Double Standard: Facebook Censors Holocaust Denial in Four Countries, Allows it in Ten Others

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By Masha Froliak | 4:34 pm, May 24, 2017

The leaked documents of Facebook’s secret rules and guidelines of moderating posts of its 2 billion users has revealed the social media giant’s double standard when it comes to Holocaust denial content. Facebook’s internal guidelines tell moderators to take down Holocaust denial posts only in four counties out of fourteen where it is illegal, because only in those four countries might Facebook face the risk of getting blocked.

Turns out that Facebook is ready to compromise one of its core mission statements “to make the world more open and connected” in order to safeguard its user base and not face the risk of being blocked anywhere.

One document says, according to the Guardian, that Facebook “does not welcome local law that stands as an obstacle to an open and connected world,” however it will block or hide Holocaust denial messages and photos if the company faces “the risk of getting blocked in a country” or if it could face legal repercussions.

Facebook guidelines tell moderators to take down Holocaust denial content in only four countries—Austria, Germany, Israel and France, even though such content is also illegal in another 10 countries where Facebook is okay with it. The document points out that such rule is not on grounds of taste, but because the company fears it might get sued.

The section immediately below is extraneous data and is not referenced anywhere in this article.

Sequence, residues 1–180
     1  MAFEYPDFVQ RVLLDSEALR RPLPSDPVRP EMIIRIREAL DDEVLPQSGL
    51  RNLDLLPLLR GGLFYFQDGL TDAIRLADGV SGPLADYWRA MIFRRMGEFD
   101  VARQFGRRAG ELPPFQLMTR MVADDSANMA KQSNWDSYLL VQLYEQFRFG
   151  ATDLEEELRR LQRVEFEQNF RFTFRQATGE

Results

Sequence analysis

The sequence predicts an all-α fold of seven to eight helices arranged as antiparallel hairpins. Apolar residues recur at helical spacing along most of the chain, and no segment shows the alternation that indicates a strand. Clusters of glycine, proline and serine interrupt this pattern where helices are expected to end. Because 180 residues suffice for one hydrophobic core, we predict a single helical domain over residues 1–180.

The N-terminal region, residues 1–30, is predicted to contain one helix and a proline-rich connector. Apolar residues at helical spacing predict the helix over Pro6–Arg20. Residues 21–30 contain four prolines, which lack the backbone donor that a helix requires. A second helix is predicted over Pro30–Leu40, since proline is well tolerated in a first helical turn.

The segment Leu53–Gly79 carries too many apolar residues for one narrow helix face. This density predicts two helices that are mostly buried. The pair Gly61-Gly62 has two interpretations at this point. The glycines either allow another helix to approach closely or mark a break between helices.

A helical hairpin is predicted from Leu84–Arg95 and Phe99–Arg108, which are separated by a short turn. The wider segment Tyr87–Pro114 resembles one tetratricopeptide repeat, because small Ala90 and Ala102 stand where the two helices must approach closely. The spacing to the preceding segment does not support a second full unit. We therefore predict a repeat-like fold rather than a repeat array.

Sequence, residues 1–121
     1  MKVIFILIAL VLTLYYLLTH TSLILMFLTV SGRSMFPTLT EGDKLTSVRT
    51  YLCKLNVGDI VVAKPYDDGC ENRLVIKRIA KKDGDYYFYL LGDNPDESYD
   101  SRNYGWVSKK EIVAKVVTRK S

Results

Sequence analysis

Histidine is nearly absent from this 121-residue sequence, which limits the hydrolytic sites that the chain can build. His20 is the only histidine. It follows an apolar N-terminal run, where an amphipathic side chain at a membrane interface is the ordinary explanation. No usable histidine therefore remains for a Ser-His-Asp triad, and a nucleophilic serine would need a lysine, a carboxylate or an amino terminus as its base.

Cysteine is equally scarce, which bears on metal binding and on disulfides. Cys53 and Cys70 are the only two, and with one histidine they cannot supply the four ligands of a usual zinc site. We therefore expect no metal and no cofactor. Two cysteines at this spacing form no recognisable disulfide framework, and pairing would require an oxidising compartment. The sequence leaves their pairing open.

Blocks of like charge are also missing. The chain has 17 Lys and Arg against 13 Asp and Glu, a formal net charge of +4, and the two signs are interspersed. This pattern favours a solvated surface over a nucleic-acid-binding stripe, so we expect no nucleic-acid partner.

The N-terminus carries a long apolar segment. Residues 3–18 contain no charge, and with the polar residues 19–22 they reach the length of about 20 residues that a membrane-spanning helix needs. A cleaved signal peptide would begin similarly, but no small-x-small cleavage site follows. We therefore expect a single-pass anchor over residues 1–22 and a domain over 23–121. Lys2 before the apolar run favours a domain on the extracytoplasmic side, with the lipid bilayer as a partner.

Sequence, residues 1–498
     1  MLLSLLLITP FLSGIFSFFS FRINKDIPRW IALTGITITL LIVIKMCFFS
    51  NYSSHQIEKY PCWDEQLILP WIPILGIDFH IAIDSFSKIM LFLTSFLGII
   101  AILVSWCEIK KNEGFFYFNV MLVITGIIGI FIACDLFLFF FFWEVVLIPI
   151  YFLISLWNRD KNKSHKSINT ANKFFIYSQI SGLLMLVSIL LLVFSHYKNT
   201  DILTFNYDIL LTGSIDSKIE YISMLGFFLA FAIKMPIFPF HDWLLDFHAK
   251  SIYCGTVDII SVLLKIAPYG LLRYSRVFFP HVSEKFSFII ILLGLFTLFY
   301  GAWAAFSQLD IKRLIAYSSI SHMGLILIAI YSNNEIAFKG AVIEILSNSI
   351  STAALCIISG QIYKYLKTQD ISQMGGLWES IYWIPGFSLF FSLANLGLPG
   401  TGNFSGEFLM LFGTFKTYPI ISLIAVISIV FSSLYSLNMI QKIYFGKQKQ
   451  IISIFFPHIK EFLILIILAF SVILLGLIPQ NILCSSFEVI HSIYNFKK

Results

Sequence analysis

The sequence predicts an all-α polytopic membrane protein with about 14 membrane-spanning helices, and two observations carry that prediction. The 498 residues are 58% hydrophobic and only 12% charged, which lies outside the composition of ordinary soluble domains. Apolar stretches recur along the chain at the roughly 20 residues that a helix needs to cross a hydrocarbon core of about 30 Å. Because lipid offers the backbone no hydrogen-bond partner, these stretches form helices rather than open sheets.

This isn’t the first time that Facebook allows or restricts content geo-politically. Last year, the social media giant had no problem developing a censorship tool specifically for China, which suppresses content in accordance with that government’s strict censorship rules. Facebook decided it was okay to restrict freedom of speech in order to gain access to a market of 1.4 billion Chinese people.

In March, the social media company also cooperated with Pakistan when its government asked it to block “blasphemous content” (any content that is critical of Islam, and even posts favorable to atheism). Approximately 15 million Pakistanis have Facebook accounts, but Facebook doesn’t mind that they are not allowed to express their religious opinions freely on their platform.

Earlier this month, the site also agreed to a request by Thailand’s government to take down embarrassing photos of the Thai king walking in a crop top, because apparently the photos insult the royal family, which is illegal in the country.

Thai Prince Vajiralongkorn at Munich Airport (Reddit)

Earlier this year Mark Zuckerberg pledged to increase censorship on Facebook, Heat Street reported. According to reported plans Facebook will not have a set of standards to govern the entire community, which means that users will not necessarily be free to share ideas and news, but will be censored in accordance to local governments and local laws.

 

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